10 Things You Didn't Know About Only Fools & Horses
The crème de la menthe of Trotter trivia.
Only Fools & Horses is widely regarded as the best British sitcom in television history. The show ran for seven series from 1981 to 1991, and then aired a series of specials with the final ever episode airing in 2003.
The wheeling, dealing exploits of Derek ‘Del Boy’ Trotter and his friends and family captured the hearts of the nation and left an unforgettable mark on everyday British culture. Famous phrases such as “Lovely jubbly” and “You plonker!” found a life of their own after being featured in the sitcom and have become commonplace within the English lexicon.
Over the course of the show’s 22-year run, the stories became less about the wild antics of the Trotters and their ‘get rick quick’ schemes and became more about the trials and tribulations of the television family that the viewers had come to genuinely care about.
That’s not to say the show lost any of its comedic genius, many memorable moments still spring to mind when thinking of Only Fools & Horses. Whether it be Del falling through the bar or the infamous Batman and Robin episode or one of the countless other iconic moments from the series.
But while the show has given us numerous hilarious scenes that will never be forgotten, there may be a few things that you might not know about the classic sitcom.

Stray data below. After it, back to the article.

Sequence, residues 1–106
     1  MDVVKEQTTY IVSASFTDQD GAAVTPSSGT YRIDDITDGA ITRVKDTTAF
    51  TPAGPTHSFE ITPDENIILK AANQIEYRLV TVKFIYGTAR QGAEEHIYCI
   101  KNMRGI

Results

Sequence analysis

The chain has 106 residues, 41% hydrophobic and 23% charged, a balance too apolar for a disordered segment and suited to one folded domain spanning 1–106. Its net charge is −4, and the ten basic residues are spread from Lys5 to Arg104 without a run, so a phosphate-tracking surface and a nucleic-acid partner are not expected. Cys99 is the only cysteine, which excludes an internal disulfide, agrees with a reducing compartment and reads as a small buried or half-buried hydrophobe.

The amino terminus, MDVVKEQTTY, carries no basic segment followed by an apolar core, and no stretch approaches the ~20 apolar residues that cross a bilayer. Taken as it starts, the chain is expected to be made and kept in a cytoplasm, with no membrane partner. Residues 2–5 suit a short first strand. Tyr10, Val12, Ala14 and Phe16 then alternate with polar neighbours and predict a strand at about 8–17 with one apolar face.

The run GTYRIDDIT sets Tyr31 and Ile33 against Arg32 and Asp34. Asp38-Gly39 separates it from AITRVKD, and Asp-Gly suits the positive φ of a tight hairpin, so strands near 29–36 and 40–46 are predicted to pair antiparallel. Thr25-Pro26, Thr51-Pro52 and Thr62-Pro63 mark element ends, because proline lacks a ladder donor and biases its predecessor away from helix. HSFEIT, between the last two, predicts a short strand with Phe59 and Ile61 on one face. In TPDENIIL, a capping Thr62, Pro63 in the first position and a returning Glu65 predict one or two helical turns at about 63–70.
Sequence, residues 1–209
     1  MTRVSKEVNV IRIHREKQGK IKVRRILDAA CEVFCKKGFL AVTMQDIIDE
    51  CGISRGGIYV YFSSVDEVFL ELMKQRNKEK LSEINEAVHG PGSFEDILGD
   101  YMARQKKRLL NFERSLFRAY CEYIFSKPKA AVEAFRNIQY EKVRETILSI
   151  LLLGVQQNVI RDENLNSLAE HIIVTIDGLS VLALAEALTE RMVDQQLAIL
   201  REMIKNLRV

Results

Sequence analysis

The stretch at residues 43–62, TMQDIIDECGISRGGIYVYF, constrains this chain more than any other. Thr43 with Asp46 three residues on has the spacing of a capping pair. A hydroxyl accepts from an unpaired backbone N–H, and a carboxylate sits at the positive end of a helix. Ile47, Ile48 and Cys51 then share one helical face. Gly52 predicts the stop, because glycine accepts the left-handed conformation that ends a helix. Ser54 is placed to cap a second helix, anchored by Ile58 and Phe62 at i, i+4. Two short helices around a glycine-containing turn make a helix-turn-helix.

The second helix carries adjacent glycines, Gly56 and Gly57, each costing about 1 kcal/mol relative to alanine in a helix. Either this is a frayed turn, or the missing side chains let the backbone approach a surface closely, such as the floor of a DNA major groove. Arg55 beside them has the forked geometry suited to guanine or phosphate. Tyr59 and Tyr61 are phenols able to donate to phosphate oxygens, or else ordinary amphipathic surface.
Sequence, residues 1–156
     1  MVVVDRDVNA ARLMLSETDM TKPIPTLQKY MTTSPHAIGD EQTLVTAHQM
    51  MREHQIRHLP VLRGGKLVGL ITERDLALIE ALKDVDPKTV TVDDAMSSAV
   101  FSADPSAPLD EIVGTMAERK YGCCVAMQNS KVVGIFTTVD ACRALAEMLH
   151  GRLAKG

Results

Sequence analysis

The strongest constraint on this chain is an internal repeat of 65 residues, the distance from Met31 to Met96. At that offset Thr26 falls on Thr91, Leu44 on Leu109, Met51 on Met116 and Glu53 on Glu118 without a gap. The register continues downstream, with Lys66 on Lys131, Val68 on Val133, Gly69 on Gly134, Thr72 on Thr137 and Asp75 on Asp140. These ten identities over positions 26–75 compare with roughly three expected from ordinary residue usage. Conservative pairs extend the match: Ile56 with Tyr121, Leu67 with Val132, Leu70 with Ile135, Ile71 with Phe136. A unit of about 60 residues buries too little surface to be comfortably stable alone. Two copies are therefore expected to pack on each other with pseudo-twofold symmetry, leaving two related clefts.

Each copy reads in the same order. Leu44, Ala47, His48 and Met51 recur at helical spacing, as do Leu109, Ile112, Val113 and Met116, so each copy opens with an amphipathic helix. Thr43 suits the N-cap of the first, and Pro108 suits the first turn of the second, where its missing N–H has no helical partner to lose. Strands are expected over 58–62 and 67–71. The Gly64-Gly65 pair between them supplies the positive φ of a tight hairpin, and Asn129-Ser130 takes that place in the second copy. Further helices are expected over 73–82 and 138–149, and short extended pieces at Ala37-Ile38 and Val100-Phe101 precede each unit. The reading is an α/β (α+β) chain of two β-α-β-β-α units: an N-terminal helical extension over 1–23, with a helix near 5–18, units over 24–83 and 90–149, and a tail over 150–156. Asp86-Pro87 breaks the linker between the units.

10. Thank You, Mr. Trowers
The creator of Only Fools
& Horses, John Sullivan, is regarded by many as one of the greatest sitcom
writers of his generation. As well as the tremendous tale of the Trotter
family, Sullivan was also responsible for other successful sitcoms such as Just
Good Friends and Citizen Smith.
At the heart of his work were larger than life, but still relatable, characters that were inspired by people he had known in real life. Sullivan worked a wide range of jobs before becoming a television writer, such as plumber’s mate and delivery driver, and it was his experience in these everyday situations that helped shaper some of his most memorable work.
His love of storytelling can be traced back to an English teacher he had at school by the name of Jim Trowers, as told by John’s son, Jim, in an interview with UKTV Gold.
“Thanks to a brilliant teacher named Jim Trowers, who made the effort to bring his lessons to life, English was the only subject that had a positive and lasting impact on dad. Rather than just getting the pupils to recite passages of classics like Dickens, Trowers would read the stories aloud himself, playing the characters and taking on their accents.”